'Everyone's path is really different. ... 'The X Factor' gave me that chance I needed,' East tells EW

By Amanda Michelle Steiner
Updated March 01, 2016 at 12:00 PM EST
Tristan Fewings/Getty Images

Fleur East is a star on the rise.

With her bouncy new video for “Day in L.A. (More and More),” the British singer-songwriter proves that she’s more than her X Factor roots and that “Sax” — a funky, Gold-certified, saxophonic expression of pure joy — is no fluke. Though her debut record, Love, Sax and Flashbacks, has yet to land a release date in the U.S., East officially signed with Columbia Records in January and will soon make her Stateside debut in earnest.

East, 28, might be a fresh face to U.S. audiences, but she has been working toward a career in music since she was a teen, having first auditioned for The X Factor when she was just 17 years old as part of girl group Addictiv Ladies. When the childhood friends disbanded shortly after their elimination from the first round of live shows, despite being under Simon Cowell’s coveted mentorship, East was not ready to quit on her dream of performing.

“After I did the show the first time, I got a taste of the industry, and I definitely decided that a career in music was 100 percent what I wanted to do,” East tells EW. Though she continued her schooling — East holds a degree in journalism and history — she worked diligently on her craft, “doing lots of shows, songwriting, performing up and down the country, and just gaining a lot of experience.”

But sometimes experience isn’t enough. Following a series of false starts — she was signed to U.K. label Strictly Rhythm in January 2012, but her singles and features failed to gain traction — East found herself at a crossroads that would lead her to auditioning for X Factor a second time, nearly 10 years later. “I came so close to making it, but it just didn’t happen,” she explains. “And just before I auditioned for The X Factor, there was nothing in my diary at all. I had no shows, nothing was happening; it was make-or-break time for me, and I had to consider doing another career altogether,” East admits. However, thanks to encouragement from friends and family, “I decided to take the risk.”

Her risk paid off. East auditioned for season 11 and came in second to Ben Haenow, joining X Factor act One Direction in becoming far more successful than the artist voted into first place (Haenow was dropped by Syco Music in January).

A competition frontrunner throughout, East made her strongest impression on audiences with her cover of “Uptown Funk,” which Cowell — not known for doling out effusive praise — dubbed “one of the top three performances” in X Factor history. However, the song had yet to be released in the U.K. — as a result, East’s cover rocketed to the top of the U.K. iTunes charts, both a testament to East’s prowess and the popularity of a song that would go on to become one of the best-selling singles of 2015. The reception for East’s cover led Mark Ronson to debut the track five weeks earlier than its planned Jan. 11 release, and The X Factor in general faced a small amount of criticism and accusations of favoritism, with Lily Allen referring to the early performance as an example of “industry corruption.”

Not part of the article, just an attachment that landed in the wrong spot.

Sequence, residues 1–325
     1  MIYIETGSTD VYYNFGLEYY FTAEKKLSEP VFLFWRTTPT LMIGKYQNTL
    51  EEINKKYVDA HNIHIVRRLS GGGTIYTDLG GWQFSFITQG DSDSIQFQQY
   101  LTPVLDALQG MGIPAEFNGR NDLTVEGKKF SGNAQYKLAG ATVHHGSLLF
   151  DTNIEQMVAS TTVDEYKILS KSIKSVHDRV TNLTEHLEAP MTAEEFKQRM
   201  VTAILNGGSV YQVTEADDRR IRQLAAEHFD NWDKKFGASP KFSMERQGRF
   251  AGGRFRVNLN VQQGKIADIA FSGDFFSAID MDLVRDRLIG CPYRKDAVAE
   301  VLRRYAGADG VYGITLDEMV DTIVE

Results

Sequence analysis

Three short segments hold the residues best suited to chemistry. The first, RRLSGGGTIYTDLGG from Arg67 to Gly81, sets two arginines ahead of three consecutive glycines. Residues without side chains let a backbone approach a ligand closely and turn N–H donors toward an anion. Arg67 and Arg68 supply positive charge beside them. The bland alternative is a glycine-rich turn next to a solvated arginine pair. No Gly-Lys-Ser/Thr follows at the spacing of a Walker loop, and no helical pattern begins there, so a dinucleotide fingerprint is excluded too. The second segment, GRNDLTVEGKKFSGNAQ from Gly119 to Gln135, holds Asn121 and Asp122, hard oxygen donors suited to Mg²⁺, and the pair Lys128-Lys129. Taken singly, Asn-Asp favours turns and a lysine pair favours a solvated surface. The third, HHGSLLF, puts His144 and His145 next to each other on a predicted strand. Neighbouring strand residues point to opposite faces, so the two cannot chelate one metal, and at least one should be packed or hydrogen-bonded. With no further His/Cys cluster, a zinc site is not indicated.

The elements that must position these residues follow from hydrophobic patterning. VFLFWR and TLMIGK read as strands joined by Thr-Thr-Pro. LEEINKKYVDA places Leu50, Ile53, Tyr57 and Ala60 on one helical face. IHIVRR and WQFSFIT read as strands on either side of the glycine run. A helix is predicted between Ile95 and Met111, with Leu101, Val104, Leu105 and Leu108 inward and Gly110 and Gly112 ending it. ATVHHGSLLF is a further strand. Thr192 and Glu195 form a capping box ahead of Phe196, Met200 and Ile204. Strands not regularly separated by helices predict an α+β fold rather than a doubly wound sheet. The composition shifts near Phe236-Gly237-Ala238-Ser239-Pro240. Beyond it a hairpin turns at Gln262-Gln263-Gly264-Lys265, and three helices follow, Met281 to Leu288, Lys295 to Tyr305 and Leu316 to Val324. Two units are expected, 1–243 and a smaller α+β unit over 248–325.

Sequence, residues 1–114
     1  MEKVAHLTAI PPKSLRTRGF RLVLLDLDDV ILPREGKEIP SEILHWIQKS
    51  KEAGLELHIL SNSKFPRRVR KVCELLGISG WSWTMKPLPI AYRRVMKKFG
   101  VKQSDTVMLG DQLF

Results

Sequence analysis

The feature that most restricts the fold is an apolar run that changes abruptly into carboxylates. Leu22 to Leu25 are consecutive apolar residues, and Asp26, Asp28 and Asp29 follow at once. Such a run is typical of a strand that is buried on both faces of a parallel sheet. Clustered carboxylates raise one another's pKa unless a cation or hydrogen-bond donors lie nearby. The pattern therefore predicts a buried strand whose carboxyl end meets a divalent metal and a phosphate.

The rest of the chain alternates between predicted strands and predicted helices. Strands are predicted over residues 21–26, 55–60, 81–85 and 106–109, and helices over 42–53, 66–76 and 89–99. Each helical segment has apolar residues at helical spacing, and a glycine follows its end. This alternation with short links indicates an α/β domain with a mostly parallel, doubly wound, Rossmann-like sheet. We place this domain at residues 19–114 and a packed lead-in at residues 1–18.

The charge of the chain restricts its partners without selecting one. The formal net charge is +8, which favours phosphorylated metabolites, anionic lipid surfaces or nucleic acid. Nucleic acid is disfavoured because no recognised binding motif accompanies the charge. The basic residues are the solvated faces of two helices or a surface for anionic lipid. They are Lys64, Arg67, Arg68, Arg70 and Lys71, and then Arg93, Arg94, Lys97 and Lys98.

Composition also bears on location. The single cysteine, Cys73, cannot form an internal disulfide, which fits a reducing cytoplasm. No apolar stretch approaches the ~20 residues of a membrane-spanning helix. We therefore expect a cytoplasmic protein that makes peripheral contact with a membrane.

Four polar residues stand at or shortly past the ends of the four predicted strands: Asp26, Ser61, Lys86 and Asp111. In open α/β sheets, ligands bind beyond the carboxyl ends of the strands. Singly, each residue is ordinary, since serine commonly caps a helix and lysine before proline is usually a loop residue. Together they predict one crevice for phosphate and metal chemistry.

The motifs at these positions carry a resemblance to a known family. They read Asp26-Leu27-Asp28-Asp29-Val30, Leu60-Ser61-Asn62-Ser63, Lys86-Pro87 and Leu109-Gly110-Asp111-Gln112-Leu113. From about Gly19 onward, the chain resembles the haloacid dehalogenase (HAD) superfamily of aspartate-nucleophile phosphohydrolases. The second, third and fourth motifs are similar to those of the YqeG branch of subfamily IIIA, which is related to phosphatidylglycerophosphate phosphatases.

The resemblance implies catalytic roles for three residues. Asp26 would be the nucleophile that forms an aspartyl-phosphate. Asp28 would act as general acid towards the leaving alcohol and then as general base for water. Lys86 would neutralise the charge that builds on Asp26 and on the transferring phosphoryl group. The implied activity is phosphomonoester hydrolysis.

However, East had no idea the performance would become so successful; after all, the voting public had yet to hear “Uptown Funk.” “We felt like it was a big risk, because no one knew the song,” she says. Plus, she adds, X Factor contestants can cover any song as long as it’s out somewhere in the world. “In the back of my mind, I thought, ‘Er, maybe people won’t like it that much.’ But then it charted at No. 1, which no one had done up until that point. It was really exciting, but we didn’t think about that at all when we picked the song. We just chose something that I would do in the real world.”

Indeed, East’s debut single, “Sax,” certainly bears a similar vibe to “Uptown Funk,” but the comparison gives East no pause. “In the U.K., people kind of associated that song with me, so it was a nice way to get judged as an artist in the real world. It would be silly to ignore that sound; I fell in love with it, because I was like, ‘This is the exact sound I would do as an artist.’ The brass, the funk, and the throwback element appear in a lot of songs on my album. … It made perfect sense. ‘Sax’ made perfect sense.”

And despite the massive success that has followed artists like Kelly Clarkson, Carrie Underwood, 1D, Little Mix, Fifth Harmony, Jennifer Hudson, and many, many more who found stardom on reality TV, there might always be an asterisk next to their names, at least in the eyes of some critics. “Everyone’s path is really different,” says East, “and you just have to be in the right place at the right time. The X Factor gave me that chance I needed, that platform. I felt like I had the experience, and I was so passionate about it, but I needed to be put in front of the right people, and it just so happened that for me, that was the show. It doesn’t mean that because you auditioned for a show that you haven’t been working at it just the same as anybody else.”